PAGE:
The Hunterian, University of Glasgow has been celebrating #EdwinMorgan100 with an online and physical exhibition titled ‘Edwin Morgan: An Eardley On My Wall’. While the Hunterian Art Gallery is closed until the New Year, the virtual exhibition is still able to be viewed online , and once re-opened, the physical exhibition will be up until February 7.
The exhibition was devised and selected by Eleanor Capaldi, LGBTQ+ Project Assistant at The Hunterian, and Morgan Henderson, a Masters student in the College of Arts at the University of Glasgow. They share their thoughts about curating ‘Edwin Morgan: An Eardley On My Wall’ below:
“We approached Edwin’s collection with open minds and no assumptions, and let his selection guide us. From the artworks we could discern favoured types of scenes, such as portraits, and landscapes. Amongst his collection there also emerged connections to fellow writers and artists such as John Byrne and Joan Eardley, with a strong representation of Scottish artists across the collection. A number of his paintings also focused on male sitters for portraits. From this we identified three themes: Creativity, National Identity and Sexuality.Eleanor Capaldi and Morgan Henderson, 2020.
Even though the exhibition resides online at the moment, it was designed to be displayed physically in the Hunterian Art Gallery in the Showcase space. Taking into account the size of the space we needed to pick artworks we felt represented his collections and worked well alongside each other.
Edwin contemplated attending art school himself, before studying English Language and Literature at the University of Glasgow. His connection to the city was strong, and he lived, studied and taught here his whole life, although he was adept at languages and also translated poetry. Between the Centenary and his Glasgow connection, it provided the occasion to reflect on his many contributions to poetry and the art scene more widely, and his connection to the University. We hope that the exhibition helps to reveal many facets of who he was and what he liked and demonstrates how these are inextricably linked to one another.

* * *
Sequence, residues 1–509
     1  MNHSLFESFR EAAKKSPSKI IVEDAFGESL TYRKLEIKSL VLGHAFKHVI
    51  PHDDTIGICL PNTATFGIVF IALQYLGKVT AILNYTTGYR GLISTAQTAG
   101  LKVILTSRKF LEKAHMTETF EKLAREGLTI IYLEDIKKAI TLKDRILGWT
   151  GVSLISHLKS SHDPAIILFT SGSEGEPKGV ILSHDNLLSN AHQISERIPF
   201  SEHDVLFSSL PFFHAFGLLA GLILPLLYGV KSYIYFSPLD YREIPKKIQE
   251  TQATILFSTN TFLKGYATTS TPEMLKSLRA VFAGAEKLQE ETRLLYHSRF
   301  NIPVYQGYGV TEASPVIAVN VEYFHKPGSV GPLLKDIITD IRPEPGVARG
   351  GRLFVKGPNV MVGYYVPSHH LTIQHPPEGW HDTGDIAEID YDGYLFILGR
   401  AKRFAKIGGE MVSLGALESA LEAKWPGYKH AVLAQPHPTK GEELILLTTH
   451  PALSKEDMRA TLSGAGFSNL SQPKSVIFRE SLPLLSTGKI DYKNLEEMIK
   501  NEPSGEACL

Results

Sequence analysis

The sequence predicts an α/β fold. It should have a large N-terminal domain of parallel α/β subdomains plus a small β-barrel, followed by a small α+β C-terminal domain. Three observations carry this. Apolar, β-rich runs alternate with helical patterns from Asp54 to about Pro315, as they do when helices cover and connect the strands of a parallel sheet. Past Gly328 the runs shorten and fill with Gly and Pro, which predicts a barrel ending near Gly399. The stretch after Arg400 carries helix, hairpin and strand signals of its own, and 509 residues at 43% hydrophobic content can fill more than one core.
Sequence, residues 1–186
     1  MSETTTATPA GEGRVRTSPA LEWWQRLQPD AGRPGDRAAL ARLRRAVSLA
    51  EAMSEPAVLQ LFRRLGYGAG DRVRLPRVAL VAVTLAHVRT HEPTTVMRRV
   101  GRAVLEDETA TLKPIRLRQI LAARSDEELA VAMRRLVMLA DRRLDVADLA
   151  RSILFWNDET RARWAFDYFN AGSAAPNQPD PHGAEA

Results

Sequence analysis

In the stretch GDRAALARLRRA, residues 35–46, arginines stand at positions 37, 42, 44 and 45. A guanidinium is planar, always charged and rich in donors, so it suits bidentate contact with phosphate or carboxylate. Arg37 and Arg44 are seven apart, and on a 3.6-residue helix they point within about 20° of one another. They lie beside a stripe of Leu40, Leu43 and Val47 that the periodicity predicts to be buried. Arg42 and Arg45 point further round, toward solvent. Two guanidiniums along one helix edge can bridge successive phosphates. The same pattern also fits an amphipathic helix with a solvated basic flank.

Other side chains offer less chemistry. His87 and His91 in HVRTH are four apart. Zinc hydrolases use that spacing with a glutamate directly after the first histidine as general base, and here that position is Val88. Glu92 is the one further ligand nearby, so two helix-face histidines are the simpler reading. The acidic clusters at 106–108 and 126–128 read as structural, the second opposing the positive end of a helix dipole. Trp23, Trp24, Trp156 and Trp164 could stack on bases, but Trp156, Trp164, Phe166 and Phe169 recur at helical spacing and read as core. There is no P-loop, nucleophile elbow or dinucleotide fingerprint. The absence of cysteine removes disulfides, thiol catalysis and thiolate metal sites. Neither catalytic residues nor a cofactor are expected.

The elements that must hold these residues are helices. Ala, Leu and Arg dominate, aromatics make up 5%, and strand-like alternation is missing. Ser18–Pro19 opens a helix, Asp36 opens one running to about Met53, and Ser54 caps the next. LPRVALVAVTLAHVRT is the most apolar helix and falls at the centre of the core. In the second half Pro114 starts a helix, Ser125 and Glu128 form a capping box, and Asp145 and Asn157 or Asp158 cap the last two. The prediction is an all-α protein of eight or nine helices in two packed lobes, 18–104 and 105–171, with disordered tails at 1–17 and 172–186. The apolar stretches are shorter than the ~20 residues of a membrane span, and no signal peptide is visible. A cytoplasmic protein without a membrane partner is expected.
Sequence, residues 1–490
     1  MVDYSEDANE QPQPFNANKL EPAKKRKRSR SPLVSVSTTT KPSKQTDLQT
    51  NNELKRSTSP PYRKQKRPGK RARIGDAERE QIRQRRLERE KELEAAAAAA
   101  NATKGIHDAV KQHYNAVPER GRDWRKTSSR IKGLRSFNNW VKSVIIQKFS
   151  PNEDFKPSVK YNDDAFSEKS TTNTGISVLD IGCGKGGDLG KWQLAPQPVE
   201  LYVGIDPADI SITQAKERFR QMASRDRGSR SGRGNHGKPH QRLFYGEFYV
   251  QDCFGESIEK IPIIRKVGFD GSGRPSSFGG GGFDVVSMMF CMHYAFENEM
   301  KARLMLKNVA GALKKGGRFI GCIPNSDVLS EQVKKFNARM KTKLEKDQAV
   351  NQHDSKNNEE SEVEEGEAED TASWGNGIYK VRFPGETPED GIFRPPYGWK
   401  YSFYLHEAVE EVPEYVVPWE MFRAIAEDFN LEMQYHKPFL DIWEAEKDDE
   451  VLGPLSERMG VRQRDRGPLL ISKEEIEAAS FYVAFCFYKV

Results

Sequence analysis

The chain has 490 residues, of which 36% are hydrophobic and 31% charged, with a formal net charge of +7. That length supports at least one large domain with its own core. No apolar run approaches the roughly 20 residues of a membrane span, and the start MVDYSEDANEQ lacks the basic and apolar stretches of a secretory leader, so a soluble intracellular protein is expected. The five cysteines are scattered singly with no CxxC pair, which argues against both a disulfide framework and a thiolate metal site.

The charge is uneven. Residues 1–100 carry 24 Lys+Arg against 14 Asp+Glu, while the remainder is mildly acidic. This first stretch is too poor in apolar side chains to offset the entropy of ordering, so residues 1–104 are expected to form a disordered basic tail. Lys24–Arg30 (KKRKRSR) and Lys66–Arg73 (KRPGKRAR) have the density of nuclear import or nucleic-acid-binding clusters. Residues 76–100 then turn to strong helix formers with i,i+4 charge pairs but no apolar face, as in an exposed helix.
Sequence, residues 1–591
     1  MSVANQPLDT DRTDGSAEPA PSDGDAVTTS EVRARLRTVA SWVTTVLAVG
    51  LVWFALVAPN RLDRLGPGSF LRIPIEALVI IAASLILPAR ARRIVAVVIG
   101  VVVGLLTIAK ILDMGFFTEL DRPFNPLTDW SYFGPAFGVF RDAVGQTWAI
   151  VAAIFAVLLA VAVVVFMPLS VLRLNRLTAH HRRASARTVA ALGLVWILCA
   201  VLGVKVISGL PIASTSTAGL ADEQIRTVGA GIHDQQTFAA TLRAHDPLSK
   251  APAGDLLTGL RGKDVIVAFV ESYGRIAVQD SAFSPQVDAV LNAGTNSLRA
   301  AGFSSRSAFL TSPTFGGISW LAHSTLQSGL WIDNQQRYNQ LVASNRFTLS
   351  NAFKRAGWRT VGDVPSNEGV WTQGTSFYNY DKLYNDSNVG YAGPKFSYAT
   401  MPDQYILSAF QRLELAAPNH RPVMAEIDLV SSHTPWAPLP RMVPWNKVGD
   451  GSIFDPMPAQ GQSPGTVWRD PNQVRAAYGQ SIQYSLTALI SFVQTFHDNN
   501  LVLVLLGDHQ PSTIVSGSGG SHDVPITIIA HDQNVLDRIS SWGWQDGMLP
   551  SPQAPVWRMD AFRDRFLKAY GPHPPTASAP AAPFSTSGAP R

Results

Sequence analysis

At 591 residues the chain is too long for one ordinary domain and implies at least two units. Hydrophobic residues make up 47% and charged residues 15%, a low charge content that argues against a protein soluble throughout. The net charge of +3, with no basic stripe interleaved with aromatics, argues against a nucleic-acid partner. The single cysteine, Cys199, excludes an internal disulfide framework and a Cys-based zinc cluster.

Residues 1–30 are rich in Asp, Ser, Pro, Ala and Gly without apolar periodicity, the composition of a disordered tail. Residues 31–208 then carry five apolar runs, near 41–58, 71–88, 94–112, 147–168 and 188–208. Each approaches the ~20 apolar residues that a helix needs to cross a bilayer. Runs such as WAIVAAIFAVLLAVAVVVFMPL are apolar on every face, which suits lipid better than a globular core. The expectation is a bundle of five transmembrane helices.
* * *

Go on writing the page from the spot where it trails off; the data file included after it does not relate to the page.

It was important to us not to shy away from including his sexuality, as this is reflected in his own curatorial choices, but it was also a part of his life. An aspect which he could not publicly announce until he was 70, such were the wider social attitudes and criminalisation of homosexuality throughout his time. Through his poems however, these stories could be told, and in his choice of art, they are reflected.
Given his vast legacy of inventive and emotionally resonant poetry, including concrete poems which use visual shapes to convey meaning, we chose some short excerpts from his poetry to pair with each section to demonstrate the flow of creativity, and how closely the visual and the written can sit. Edwin wrote poems in response to Hunterian objects in the past too (such as The Bearsden Shark). In his scrapbooks which he gave to the University archives, you can see text and image appear in another form. Edwin’s one and only self-made artwork in the collection and on display, Two Angelfish, has proven popular so far with audiences. We hope he would have liked seeing it on display, including him in the exhibition as an artist as well as a writer.”